Saracatinib as Effective, or Superior to Ofev, Esbriet in IPF Models: Study

Phase 1/2 trial now enrolling, testing oral therapy in humans

Marta Figueiredo, PhD avatar

by Marta Figueiredo, PhD |

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AstraZeneca’s experimental oral therapy saracatinib — originally developed to treat certain cancers — was found to be at least as effective, and even superior to the approved therapies Ofev (nintedanib) and Esbriet (pirfenidone) in treating idiopathic pulmonary fibrosis (IPF) in several preclinical models of the respiratory disease.

Saracatinib worked as well or better than Ofev or Esbriet at reducing tissue scarring, or fibrosis, in cell and animal models of IPF, a study showed.

The oral therapy was identified as an IPF treatment candidate based on a computational approach that analyzed the potential anti-fibrotic effects of several medications developed for other indications.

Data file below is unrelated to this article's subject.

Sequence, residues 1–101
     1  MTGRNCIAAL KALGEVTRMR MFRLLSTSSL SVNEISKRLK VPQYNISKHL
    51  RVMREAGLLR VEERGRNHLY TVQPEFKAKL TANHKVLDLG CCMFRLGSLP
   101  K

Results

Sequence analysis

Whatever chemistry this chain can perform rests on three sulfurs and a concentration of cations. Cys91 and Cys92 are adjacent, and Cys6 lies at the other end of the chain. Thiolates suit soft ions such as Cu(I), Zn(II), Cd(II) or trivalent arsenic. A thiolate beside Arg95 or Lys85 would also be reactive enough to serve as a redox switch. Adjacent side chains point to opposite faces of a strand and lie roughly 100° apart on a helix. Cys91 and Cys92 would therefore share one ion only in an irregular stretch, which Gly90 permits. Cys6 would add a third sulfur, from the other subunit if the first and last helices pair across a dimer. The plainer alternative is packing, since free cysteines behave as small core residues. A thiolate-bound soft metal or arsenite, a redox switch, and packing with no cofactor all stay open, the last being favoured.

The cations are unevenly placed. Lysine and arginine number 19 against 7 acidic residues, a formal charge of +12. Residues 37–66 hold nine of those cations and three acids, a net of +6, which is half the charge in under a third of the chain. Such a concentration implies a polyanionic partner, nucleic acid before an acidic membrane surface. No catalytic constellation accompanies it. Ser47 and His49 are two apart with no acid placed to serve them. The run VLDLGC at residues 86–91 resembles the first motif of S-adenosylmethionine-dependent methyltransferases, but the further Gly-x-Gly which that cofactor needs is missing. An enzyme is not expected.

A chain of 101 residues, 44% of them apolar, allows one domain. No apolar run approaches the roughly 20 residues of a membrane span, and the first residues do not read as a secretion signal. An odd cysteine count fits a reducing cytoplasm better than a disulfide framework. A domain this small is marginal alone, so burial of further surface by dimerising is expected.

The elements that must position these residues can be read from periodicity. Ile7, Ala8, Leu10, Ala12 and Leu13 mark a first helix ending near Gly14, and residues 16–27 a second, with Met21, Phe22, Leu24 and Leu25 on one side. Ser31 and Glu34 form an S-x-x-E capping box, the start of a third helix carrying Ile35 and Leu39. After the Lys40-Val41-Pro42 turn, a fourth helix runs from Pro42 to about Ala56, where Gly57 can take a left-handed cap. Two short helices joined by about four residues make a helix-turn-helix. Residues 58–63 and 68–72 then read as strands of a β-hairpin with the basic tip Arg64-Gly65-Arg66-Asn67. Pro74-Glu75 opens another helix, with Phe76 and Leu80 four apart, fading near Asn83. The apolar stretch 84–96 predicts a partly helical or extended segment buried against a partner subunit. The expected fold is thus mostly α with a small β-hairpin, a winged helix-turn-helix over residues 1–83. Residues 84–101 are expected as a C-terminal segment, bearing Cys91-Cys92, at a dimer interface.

“There is an urgent need for better drugs, and more effective therapies, that safely modify the course of IPF and restore quality of life to patients,” Farida Ahangari, MD, the study’s first author and an assistant professor of medicine at Yale School of Medicine, said in a university press release.

“To our knowledge, this is the first study that has used a computational approach to link a drug developed for [other] indications to IPF, and then validate the efficacy of the drug in multiple systems using [cellular and animal] models, resulting in a human clinical trial in IPF patients,” Ahangari said.

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The study, “Saracatinib, a Selective Src Kinase Inhibitor, Blocks Fibrotic Responses in Preclinical Models of Pulmonary Fibrosis,” was published in the American Journal of Respiratory and Critical Care Medicine.

Saracatinib now testing in humans

These now-published findings supported the launch of a Phase 1/2 trial, called STOP-IPF (NCT04598919), that is testing saracatinib against a placebo in up to 100 adults with IPF.